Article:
World renowned for its collections of fossilized seeds, leaves, and wood, the John Day Fossil Beds National Monument also features a unique collection of modern flowers, cacti, and plants that have adapted to the volcanic outcrops and steep, rugged terrain found in the semi-arid environment.
Many visitors come to see wildflowers in bloom at the Painted Hills Unit. Chaenactis and bee plants put on a flowery show in May when weather conditions have been favorable. The colorful yellow flowers against the orange and red backdrop of the exposed hillsides are stunning. Hedgehog cacti add their pink flowers to the show in rocky outcrops and in drainages.
50 to 200 year old juniper trees are scattered around the hills with sagebrush, shadscale, and mountain mahogany comprising the bulk of the shrub community.
Bluebunch wheatgrass, Idaho fescue, indian ricegrass, and needle and thread make up only a few of the many grasses that protect the soils from erosion and provide food for wildlife.
Two Research Natural Areas have been designated within the Sheep Rock Unit to protect nearly pristine plant communities once common to the region. The entire monument is fenced and some areas have not had livestock grazing for over 25 years.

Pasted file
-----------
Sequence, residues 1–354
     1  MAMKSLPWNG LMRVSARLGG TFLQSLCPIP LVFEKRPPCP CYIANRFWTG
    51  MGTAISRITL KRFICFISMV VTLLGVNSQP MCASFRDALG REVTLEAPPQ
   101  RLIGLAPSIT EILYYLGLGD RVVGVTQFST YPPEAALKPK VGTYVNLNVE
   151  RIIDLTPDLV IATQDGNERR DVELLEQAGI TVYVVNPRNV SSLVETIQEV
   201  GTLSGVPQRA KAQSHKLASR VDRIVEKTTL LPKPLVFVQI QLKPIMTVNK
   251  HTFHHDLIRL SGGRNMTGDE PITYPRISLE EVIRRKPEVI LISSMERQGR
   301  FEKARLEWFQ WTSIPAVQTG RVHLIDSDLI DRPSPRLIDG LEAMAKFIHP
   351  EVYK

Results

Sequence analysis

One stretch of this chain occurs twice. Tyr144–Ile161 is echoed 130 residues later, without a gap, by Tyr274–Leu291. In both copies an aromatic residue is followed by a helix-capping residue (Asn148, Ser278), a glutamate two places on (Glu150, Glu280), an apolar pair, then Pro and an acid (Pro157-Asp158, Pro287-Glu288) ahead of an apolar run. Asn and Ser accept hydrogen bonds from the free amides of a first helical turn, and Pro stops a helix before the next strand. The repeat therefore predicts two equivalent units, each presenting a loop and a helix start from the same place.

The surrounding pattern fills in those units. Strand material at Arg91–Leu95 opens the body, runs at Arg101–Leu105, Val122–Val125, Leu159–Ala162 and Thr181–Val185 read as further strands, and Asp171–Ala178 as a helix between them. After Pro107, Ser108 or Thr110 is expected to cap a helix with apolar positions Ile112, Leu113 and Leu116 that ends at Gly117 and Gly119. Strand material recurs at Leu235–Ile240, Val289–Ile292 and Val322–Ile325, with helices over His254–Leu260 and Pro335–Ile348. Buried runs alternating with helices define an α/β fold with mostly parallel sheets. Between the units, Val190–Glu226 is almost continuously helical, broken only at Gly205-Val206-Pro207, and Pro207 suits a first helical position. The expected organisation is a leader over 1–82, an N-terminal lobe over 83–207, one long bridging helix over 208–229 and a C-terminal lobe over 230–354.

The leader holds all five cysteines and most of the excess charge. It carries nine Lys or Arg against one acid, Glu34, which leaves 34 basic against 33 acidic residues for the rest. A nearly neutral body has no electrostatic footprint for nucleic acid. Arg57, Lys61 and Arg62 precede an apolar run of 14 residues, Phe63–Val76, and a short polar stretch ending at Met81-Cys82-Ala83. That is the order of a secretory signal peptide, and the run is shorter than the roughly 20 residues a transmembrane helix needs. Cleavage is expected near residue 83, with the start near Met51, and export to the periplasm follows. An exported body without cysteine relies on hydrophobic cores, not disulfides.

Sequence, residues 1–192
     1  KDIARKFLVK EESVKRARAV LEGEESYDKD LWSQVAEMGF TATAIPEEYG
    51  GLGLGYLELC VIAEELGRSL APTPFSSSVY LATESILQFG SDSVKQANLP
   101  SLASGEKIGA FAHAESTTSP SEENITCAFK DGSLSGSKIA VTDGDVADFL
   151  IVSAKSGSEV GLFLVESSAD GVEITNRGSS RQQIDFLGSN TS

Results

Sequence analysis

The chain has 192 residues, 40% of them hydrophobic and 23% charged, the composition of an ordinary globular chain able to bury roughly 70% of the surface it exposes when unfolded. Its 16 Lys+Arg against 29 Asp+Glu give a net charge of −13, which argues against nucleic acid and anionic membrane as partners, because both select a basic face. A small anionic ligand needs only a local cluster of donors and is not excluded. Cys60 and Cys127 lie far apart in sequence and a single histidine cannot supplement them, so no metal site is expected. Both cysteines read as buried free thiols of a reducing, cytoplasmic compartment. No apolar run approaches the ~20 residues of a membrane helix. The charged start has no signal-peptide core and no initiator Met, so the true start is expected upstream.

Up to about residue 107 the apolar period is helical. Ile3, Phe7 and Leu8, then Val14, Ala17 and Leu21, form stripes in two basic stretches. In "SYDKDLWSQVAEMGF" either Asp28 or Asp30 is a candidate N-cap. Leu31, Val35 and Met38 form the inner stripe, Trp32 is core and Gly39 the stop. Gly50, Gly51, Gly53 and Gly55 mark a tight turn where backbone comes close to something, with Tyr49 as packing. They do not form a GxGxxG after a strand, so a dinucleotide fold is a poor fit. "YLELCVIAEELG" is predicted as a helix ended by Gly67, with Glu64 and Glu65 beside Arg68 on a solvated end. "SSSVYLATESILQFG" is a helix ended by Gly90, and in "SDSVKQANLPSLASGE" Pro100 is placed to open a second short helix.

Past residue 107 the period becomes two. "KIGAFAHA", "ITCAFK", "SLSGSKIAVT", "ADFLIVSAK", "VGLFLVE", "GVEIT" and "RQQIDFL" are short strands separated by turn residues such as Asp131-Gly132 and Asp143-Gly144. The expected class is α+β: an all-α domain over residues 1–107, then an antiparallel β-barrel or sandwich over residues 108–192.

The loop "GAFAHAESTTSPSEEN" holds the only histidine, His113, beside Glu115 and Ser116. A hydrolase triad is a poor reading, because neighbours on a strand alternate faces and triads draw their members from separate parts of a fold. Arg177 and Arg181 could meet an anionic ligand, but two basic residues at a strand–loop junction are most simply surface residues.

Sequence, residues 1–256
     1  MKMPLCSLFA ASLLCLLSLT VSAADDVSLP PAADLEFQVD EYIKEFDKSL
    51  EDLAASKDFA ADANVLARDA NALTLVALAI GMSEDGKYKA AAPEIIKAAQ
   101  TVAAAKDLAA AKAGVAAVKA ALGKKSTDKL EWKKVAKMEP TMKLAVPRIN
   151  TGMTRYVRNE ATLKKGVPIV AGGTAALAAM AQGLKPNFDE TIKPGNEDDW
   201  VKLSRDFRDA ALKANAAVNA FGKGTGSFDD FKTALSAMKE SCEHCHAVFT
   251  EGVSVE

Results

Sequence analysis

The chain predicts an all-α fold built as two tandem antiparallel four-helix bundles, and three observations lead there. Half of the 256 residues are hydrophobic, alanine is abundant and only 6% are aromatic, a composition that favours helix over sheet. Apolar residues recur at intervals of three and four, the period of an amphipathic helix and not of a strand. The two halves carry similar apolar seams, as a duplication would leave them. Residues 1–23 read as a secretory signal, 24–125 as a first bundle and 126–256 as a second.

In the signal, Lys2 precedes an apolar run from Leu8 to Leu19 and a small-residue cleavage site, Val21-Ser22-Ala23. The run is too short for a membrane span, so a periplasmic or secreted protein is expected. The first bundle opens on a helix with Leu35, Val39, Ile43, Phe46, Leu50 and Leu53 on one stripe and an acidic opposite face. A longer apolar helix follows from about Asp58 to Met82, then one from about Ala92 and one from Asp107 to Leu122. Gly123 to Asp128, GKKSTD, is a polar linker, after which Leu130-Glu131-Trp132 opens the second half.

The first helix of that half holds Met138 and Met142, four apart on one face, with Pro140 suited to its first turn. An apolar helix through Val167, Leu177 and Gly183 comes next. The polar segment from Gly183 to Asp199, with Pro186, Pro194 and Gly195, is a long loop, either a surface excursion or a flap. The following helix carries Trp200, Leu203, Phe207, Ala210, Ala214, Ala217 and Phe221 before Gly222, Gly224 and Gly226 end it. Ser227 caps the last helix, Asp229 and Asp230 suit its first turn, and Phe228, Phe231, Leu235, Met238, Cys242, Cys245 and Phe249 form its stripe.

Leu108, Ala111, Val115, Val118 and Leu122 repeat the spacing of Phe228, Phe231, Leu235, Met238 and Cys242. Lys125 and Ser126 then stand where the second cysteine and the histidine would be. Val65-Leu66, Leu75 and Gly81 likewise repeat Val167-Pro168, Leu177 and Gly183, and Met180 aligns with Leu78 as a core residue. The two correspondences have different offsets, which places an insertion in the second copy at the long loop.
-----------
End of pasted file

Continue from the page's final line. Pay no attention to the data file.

The monument is making a strong effort to restore the natural process of fire. This allows the plant communities to continue to thrive under conditions similar to those that existed prior to the influx of European-Americans into the region 150 years ago.
The John Day River and two of its tributaries, Rock Creek and Bridge Creek, meander through the monument. Cottonwood, willows, and alder provide line these areas. Sedges, rushes, and reed canarygrass also line the river edge, providing important bank protection. The riparian zone may be a few feet wide to several yards wide, with many of the plants sending their roots down several feet to draw from the subsurface flows associated with the river during the hot summers.
Did You Know?
The fossil leaves found at the Painted Hills represent an assemblage of broad-leaf deciduous trees that were growing on the edge of lakes and streams.